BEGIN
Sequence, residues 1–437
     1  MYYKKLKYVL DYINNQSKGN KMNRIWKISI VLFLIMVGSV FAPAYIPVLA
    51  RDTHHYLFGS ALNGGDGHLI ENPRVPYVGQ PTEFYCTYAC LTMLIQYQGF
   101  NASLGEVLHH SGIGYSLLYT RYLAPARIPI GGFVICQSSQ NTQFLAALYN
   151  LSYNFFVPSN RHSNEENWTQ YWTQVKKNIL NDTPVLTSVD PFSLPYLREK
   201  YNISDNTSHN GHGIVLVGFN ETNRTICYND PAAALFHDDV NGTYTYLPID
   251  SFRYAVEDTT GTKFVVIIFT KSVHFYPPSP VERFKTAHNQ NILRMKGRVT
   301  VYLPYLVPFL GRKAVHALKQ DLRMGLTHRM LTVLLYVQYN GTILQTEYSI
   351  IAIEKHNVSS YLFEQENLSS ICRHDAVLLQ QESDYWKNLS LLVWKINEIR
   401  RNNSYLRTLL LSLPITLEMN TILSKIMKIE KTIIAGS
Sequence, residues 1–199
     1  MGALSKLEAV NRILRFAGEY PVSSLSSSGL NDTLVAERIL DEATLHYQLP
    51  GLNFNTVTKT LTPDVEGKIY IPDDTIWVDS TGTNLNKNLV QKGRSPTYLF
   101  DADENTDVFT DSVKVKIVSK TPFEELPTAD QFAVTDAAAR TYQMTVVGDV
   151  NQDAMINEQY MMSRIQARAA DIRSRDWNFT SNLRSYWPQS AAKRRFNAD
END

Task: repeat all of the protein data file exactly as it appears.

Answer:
Sequence, residues 1–437
     1  MYYKKLKYVL DYINNQSKGN KMNRIWKISI VLFLIMVGSV FAPAYIPVLA
    51  RDTHHYLFGS ALNGGDGHLI ENPRVPYVGQ PTEFYCTYAC LTMLIQYQGF
   101  NASLGEVLHH SGIGYSLLYT RYLAPARIPI GGFVICQSSQ NTQFLAALYN
   151  LSYNFFVPSN RHSNEENWTQ YWTQVKKNIL NDTPVLTSVD PFSLPYLREK
   201  YNISDNTSHN GHGIVLVGFN ETNRTICYND PAAALFHDDV NGTYTYLPID
   251  SFRYAVEDTT GTKFVVIIFT KSVHFYPPSP VERFKTAHNQ NILRMKGRVT
   301  VYLPYLVPFL GRKAVHALKQ DLRMGLTHRM LTVLLYVQYN GTILQTEYSI
   351  IAIEKHNVSS YLFEQENLSS ICRHDAVLLQ QESDYWKNLS LLVWKINEIR
   401  RNNSYLRTLL LSLPITLEMN TILSKIMKIE KTIIAGS
Sequence, residues 1–199
     1  MGALSKLEAV NRILRFAGEY PVSSLSSSGL NDTLVAERIL DEATLHYQLP
    51  GLNFNTVTKT LTPDVEGKIY IPDDTIWVDS TGTNLNKNLV QKGRSPTYLF
   101  DADENTDVFT DSVKVKIVSK TPFEELPTAD QFAVTDAAAR TYQMTVVGDV
   151  NQDAMINEQY MMSRIQARAA DIRSRDWNFT SNLRSYWPQS AAKRRFNAD